Similarly, LGBTQIA+ members could be refused jobs or their contracts lawfully terminated since their employers would not be discriminating – they would simply be making a statement of belief. Religious or private schools affiliated with Churches already discriminate on the basis of religion when appointing the religious studies teacher but with this new bill they will be able to do this with all teaching positions.
Religious belief will override all other anti-discrimination laws such as the Sex Discrimination Act. For instance, a CEO of a company, using his religious belief as a reason, could potentially decline to put women in leadership positions, delay or refuse promotions and he would lawfully be protected as long as he was deemed not to be malicious or guilty of harassment.
It also gives legal protection to people’s ‘Statement of belief’ made in lieu of their religion, making lawful an opinion or viewpoint that would otherwise be considered hate speech. This clause is also commonly called the ‘Folau clause’ following the Rugby Australia’s decision to terminate Mr. Israel Folau’s contract after his Instagram posts mentioned that gay people among others were going to hell. Under this bill, statements like these would have no repercussions as they would be considered lawfully acceptable. However, this clause, at least, has been scrapped in the latest iteration of the bill after much criticism.
Freedom from religious discrimination and the freedom to practice one’s faith is something that we all wish to protect and celebrate. But at the same time and with the same rigour, we should protect the right to not be discriminated against on the basis of race, sex, sexual orientation, physical or mental disability, or age. The liberal party may say as much as they like that this bill is “a shield not a sword”, but it is encroaching too heavily on other human rights.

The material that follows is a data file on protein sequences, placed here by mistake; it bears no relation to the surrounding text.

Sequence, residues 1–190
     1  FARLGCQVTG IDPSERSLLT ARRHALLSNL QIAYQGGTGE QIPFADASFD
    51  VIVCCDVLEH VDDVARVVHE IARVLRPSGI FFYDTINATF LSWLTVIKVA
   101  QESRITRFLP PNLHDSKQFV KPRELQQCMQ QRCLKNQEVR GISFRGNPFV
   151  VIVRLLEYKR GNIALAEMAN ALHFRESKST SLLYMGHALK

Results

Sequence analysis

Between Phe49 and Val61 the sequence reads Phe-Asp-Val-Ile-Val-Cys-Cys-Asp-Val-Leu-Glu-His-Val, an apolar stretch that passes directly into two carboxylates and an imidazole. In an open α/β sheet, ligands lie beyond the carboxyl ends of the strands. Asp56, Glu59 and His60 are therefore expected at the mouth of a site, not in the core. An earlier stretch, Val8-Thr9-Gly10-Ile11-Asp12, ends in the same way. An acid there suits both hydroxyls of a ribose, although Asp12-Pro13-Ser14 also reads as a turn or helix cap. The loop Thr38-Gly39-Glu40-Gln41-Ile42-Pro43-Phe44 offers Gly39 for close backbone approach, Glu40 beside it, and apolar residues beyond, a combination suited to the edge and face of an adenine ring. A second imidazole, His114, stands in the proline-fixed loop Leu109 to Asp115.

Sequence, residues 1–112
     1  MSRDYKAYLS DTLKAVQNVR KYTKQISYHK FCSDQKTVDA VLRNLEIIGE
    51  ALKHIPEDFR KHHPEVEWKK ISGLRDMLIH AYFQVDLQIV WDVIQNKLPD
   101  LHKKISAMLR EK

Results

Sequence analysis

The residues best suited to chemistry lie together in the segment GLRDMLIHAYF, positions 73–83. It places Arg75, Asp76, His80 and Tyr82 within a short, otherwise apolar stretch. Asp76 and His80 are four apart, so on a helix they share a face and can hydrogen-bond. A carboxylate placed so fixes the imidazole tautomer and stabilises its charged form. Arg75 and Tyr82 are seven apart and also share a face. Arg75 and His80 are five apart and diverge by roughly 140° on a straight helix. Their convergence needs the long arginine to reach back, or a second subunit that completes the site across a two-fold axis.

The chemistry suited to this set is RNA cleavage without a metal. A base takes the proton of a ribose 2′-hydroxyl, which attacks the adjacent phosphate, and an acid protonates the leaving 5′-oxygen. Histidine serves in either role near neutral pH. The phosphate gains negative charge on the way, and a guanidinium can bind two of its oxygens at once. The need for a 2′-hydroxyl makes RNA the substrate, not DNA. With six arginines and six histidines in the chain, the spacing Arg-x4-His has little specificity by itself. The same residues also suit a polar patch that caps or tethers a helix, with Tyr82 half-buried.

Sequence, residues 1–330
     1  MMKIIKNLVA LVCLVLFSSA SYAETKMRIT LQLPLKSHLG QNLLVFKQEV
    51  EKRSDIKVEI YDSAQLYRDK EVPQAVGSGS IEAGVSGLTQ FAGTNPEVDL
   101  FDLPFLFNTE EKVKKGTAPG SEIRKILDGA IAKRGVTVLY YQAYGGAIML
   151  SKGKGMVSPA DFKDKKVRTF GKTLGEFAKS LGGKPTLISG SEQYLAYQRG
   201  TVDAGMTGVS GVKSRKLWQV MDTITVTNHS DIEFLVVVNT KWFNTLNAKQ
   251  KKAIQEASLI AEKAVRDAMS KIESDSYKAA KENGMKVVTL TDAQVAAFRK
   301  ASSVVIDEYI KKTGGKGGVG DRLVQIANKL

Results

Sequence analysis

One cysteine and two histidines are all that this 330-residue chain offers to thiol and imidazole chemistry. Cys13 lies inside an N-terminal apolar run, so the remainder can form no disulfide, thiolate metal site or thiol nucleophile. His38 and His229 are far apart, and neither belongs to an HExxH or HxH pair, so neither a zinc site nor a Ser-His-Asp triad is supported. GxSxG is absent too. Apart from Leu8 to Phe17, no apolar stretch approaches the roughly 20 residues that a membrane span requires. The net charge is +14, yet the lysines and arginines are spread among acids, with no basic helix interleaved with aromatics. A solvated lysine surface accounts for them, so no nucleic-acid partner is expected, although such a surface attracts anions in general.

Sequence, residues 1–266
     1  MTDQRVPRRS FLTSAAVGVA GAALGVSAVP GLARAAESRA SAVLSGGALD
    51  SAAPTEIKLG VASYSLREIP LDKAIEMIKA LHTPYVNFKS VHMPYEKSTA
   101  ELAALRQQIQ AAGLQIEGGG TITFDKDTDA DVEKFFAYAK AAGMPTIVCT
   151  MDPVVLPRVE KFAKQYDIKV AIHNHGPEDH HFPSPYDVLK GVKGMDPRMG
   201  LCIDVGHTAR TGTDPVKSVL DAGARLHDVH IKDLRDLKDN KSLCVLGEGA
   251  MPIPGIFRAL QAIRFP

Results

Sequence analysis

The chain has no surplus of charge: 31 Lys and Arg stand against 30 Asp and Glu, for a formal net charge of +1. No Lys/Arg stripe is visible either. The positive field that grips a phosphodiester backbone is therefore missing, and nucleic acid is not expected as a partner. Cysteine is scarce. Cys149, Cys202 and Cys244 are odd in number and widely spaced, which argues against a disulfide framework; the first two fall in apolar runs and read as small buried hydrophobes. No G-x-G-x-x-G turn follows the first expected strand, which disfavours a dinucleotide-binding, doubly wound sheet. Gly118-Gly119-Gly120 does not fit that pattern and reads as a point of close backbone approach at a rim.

In the end, we should all think about what type of society we want to build in Australia. A tolerant and harmonious one? Or one where anyone’s peace of mind can be disturbed without any provocation and the offender will be protected by the law? Religion should not be used as a tool to generate more votes for political parties and at the expense of human rights.
China Threatens Consequences if Pelosi Visits Taiwan
- US House of Representatives Speaker Nancy Pelosi has landed inTaiwan. Prior to the visit, China’s Foreign Ministry has voiced their disapproval, stating that “China will take resolute responses and strong countermeasures to defend its sovereignty and territorial integrity.”
- US Secretary of State Antony Blinken emphasized in response that “The speaker will make her own decisions about whether or not to visit Taiwan,” and that the US is looking to Beijing to “act responsibly and not to engage in any escalation going forward.”
- The US has made it clear that members of Congress routinely visit Taiwan and that this trip is non-threatening and has precedent. Even so, some officials have expressed concern that China may invade Taiwan’s air defense zone or send missiles near Taiwan in retaliation.